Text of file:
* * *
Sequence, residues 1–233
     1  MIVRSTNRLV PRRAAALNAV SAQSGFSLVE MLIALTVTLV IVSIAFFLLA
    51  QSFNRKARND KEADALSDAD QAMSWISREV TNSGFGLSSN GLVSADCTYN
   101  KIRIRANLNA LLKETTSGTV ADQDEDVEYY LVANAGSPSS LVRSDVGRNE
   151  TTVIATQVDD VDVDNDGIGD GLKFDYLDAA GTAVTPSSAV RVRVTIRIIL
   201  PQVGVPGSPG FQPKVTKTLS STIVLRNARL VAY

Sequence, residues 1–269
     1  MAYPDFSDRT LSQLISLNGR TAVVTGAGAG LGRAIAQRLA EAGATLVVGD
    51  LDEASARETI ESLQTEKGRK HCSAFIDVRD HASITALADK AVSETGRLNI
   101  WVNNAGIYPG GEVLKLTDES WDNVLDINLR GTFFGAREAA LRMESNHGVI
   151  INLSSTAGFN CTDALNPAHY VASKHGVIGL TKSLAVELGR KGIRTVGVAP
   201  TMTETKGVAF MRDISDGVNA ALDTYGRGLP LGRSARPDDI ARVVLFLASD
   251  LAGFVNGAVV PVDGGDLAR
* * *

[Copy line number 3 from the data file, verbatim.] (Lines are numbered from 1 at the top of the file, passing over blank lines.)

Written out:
    51  QSFNRKARND KEADALSDAD QAMSWISREV TNSGFGLSSN GLVSADCTYN